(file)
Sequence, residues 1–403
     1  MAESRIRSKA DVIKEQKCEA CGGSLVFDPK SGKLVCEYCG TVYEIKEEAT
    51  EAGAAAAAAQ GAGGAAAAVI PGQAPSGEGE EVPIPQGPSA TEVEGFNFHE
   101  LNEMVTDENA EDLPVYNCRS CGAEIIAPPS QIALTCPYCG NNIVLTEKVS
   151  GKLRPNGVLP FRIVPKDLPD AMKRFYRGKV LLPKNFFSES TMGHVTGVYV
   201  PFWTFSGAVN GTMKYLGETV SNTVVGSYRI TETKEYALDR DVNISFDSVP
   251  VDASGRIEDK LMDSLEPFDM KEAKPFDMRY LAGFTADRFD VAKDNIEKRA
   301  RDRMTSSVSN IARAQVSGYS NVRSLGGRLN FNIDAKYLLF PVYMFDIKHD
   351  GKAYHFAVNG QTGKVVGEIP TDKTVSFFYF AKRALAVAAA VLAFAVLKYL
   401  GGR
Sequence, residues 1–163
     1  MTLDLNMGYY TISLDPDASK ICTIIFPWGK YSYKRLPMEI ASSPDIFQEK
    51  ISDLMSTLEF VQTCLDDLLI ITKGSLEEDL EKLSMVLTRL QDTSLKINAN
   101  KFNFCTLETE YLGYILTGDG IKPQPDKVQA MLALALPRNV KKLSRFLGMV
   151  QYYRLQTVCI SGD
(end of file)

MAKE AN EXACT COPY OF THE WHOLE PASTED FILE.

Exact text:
Sequence, residues 1–403
     1  MAESRIRSKA DVIKEQKCEA CGGSLVFDPK SGKLVCEYCG TVYEIKEEAT
    51  EAGAAAAAAQ GAGGAAAAVI PGQAPSGEGE EVPIPQGPSA TEVEGFNFHE
   101  LNEMVTDENA EDLPVYNCRS CGAEIIAPPS QIALTCPYCG NNIVLTEKVS
   151  GKLRPNGVLP FRIVPKDLPD AMKRFYRGKV LLPKNFFSES TMGHVTGVYV
   201  PFWTFSGAVN GTMKYLGETV SNTVVGSYRI TETKEYALDR DVNISFDSVP
   251  VDASGRIEDK LMDSLEPFDM KEAKPFDMRY LAGFTADRFD VAKDNIEKRA
   301  RDRMTSSVSN IARAQVSGYS NVRSLGGRLN FNIDAKYLLF PVYMFDIKHD
   351  GKAYHFAVNG QTGKVVGEIP TDKTVSFFYF AKRALAVAAA VLAFAVLKYL
   401  GGR
Sequence, residues 1–163
     1  MTLDLNMGYY TISLDPDASK ICTIIFPWGK YSYKRLPMEI ASSPDIFQEK
    51  ISDLMSTLEF VQTCLDDLLI ITKGSLEEDL EKLSMVLTRL QDTSLKINAN
   101  KFNFCTLETE YLGYILTGDG IKPQPDKVQA MLALALPRNV KKLSRFLGMV
   151  QYYRLQTVCI SGD